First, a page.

45. ^ "The Legend of Pancho Barnes and the Happy Bottom Riding Club". Archived from the original on 2013-05-23. Retrieved 2013-08-03.
  46. ^ Rogers, Keith. "Famous pilot Yeager re-enacting right stuff 65 years later." Archived 2018-09-10 at the Wayback Machine Las Vegas Review-Journal, October 12, 2012.
  47. ^ "Public Law 94-179." United States Statutes. Retrieved: September 10, 2012.
  48. ^ "The Daily Diary of President Gerald R. Ford." Archived 2012-09-20 at the Wayback Machine Retrieved: September 10, 2012.
  49. ^ Ford, Harrison. "Freedom and Responsibility". Sport Aviation, September 2010.
  50. ^ Sprekelmeyer, Linda, editor. These We Honor: The International Aerospace Hall of Fame. Donning Co. Publishers, 2006. ISBN 978-1-57864-397-4.
  51. ^ Harbert, Nancy (September 27, 1981). "Hall to Induct Seven Space Pioneers". Albuquerque Journal. Albuquerque, New Mexico. p. 53. Archived from the original on March 27, 2019. Retrieved March 27, 2019 – via
  52. ^ "Yeager Comes Home." Archived 2006-11-10 at the Wayback Machine WOWK-TV, August 19, 2006.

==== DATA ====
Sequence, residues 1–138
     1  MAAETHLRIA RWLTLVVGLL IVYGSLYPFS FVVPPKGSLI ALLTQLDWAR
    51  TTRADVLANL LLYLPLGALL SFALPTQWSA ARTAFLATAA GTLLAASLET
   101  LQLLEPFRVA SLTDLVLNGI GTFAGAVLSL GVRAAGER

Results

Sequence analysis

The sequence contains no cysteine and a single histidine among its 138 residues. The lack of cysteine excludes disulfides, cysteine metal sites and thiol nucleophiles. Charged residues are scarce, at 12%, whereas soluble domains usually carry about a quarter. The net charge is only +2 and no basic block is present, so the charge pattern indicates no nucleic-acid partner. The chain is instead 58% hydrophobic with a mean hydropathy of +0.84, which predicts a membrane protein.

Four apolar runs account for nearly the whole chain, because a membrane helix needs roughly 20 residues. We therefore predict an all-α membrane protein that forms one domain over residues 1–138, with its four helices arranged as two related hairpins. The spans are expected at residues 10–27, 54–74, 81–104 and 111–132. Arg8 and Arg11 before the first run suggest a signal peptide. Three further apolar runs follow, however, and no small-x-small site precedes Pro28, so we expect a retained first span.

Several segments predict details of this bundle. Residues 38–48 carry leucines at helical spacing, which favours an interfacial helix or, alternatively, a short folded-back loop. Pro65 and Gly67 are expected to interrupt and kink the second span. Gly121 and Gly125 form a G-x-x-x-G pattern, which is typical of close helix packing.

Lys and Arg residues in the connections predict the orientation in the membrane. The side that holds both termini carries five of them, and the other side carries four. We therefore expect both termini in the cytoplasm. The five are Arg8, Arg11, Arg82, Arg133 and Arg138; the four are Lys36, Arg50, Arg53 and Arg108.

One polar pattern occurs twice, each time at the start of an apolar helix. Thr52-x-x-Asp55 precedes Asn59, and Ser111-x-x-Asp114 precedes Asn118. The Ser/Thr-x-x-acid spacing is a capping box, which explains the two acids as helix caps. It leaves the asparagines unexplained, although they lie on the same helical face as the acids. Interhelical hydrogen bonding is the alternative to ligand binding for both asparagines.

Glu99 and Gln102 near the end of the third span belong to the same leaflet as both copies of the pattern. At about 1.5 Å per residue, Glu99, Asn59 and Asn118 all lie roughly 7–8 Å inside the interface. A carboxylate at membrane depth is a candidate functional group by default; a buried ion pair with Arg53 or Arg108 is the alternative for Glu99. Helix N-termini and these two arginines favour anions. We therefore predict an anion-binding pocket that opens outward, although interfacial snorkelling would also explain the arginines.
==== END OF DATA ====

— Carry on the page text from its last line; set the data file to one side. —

53. ^ "Chuck Yeager." Archived 2015-12-18 at the Wayback Machine Wings of Hope. Retrieved: December 8, 2010.
  54. ^ "Chuck Yeager." Flying Magazine's 51 Heroes of Aviation, August 19, 2013. Retrieved: April 14, 2015.
  55. ^ "Yeager Award – Civil Air Patrol." Archived 2013-11-04 at the Wayback Machine Retrieved: July 10, 2014.
  56. ^ Yeager and Janos 1985, p. 73.
  57. ^ Yeager and Janos 1985, p. 76.
  58. ^ Yeager and Janos 1985, pp. 413–414.
  59. ^ Frost, John (1990). How is it done?. London: The Reader's Digest Association Limited. p. 202.
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  65. ^ Yeager v. D'Angelo Archived 2012-12-18 at the Wayback Machine, no. C052483 (Cal.App.3rd, Aug. 22, 2008).
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  • Pisano, Dominick A., R. Robert van der Linden and Frank H. Winter. Chuck Yeager and the Bell X-1: Breaking the Sound Barrier. Washington, D.C.: Smithsonian National Air and Space Museum (in association with Abrams, New York), 2006. ISBN 0-8109-5535-0.
  • Samuel, Wolfgang, W.E. American Raiders: The Race to Capture the Luftwaffe's Secrets. Jackson, Mississippi: University Press of Mississippi, 2004. ISBN 978-1-57806-649-0.
  • Wolfe, Tom. The Right Stuff. New York: Farrar-Straus-Giroux, 1979. ISBN 0-374-25033-2.
  • Yeager, Chuck, Bob Cardenas, Bob Hoover, Jack Russell and James Young. The Quest for Mach One: A First-Person Account of Breaking the Sound Barrier. New York: Penguin Studio, 1997. ISBN 0-670-87460-4.
  • Yeager, Chuck and Charles Leerhsen. Press on! Further Adventures in the Good Life. New York: Bantam Books, 1988. ISBN 0-553-05333-7.
  • Yeager, Chuck and Leo Janos. Yeager: An Autobiography. New York: Bantam, 1985. ISBN 978-0-553-25674-1.

External linksEdit